Whistleblowing Settlement Agreements
Whistleblowing settlement agreements are fairly common ways to conclude what can be a difficult chapter in an employee’s career. As you will see below, the paths of a whistleblower can be fraught with difficulty. It is a noble effort to blow the whistle, and there is nothing wrong with getting something in return, like a negotiated settlement agreement exit package.
Settlement agreements won’t expressly stipulate that you can’t report your employer to the authorities, but effectively that would be the compromise which you would be entering into if you decide to accept a payment from them in return for leaving quietly.
However, it is surprising how many employers would rather take their chances with bad publicity than pay off a troublesome employee with a settlement agreement. This article explores the in’s and out’s of whistleblowing, along with strategy and tactics for how to blow the whistle and negotiate a settlement agreement (formerly known as a compromise agreements).
Top 3 TIPS
- You can only ‘blow the whistle’ about matters in the public interest – not about your own treatment
- No minimum length of service is required to bring a whistleblowing claim
- Seek legal advice – it is a complicated area of the law
What is the definition of whistleblowing?
In UK employment law, whistleblowing is ‘making a protected disclosure’ under PIDA (Public Interest Disclosure Act). So in essence the disclosure needs to be in the public interest, something dishonest or unreliable which people should know about. It is not just restricted to criminal activity, such as fraud, but it can also be a breach of regulations or civil law, like discrimination in the workplace for example.
Whistleblowing itself is one way of doing the right thing for the public at the same time as leaving your job due to the malpractice by the employer, and hopefully receiving a settlement payment to tide you over until you get another job. In most instances, once you have blown the whistle on malpractice, the employer will take steps to put right the wrongs which it has committed. So although you are not exposing them to the public (through the media for example) at least you are stopping the bad thing from happening, whilst tiding yourself over financially until you can get a new job.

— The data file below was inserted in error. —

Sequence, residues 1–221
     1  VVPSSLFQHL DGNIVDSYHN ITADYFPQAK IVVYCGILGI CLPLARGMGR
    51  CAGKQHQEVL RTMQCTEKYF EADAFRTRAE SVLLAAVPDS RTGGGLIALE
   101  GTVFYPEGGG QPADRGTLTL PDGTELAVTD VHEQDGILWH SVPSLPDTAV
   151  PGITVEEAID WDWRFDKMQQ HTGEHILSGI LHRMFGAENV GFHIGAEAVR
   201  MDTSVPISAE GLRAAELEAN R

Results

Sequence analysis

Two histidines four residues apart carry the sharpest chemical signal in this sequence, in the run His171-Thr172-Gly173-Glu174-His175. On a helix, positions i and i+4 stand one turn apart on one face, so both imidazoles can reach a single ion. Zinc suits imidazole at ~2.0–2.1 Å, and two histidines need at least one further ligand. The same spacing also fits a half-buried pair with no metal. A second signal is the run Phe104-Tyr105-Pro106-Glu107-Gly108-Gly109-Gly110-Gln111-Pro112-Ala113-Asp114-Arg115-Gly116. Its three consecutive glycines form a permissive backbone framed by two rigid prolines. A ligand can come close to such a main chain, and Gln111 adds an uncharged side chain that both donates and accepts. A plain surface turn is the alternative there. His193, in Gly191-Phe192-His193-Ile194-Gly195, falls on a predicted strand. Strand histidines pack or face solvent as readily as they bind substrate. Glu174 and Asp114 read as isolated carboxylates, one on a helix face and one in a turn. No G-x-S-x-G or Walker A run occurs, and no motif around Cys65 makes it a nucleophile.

Suffering a detriment, bullying or harassment
Being mistreated by your employer, or even by your colleagues, due to having blown the whistle, is a breach of s.47B of PIDA, which is designed to protect whistleblowers. This means that you are able to claim compensation for this, even if you haven’t been forced out of your job.
So you can issue an employment tribunal claim for victimisation whilst you are still employed. The meaning of a detriment is quite a wide one – it is any treatment which would objectively make someone in your position feel that are being disadvantaged in continuing their employment.
Constructive or unfair dismissal
Often, once you have become a whistleblower, you are mistreated by your employer to the extent that you feel forced to resign, or, more rarely, you are actually dismissed. Most employers guilty of this will not go as far as to dismiss you because that would look too obvious, and of course they will deny any mistreatment should you bring a claim for constructive dismissal. But it is quite a difficult legal test to fulfil, so the detriments must be fairly serious in order to justify your resignation.
Minimum length of service
Fortunately the normal length of service requirements don’t apply in a whistleblowing case, so where you would normally have to be employed for two years in order to claim constructive or unfair dismissal, in a whistleblowing case there is no minimum service requirement, so in theory you could claim this after having been employed for just one day.
Whistleblowing and protected conversations
Under s.11A(3) of the Employment Rights Act 1996, whistleblowing is an exception to the new rule about protected conversations, aka ‘confidential termination negotiations’. In a normal unfair dismissal case, your employer has immunity from revealing in court any settlement discussions whereby you were asked to leave your job in exchange for a pay off, contained within a settlement agreement.
In whistleblowing claims, this additional protection for the employer goes out the window, and the only way they can keep such discussions out of the judge’s ears (if the case ever gets to court) is to claim that they were ‘without prejudice’. Essentially this means there has to have been an existing dispute, such as a disciplinary or grievance process being instigated. If the employer comes out of the blue to offer you a deal in exchange for leaving quietly, there’s every chance that we at Monaco Solicitors could use this to your advantage.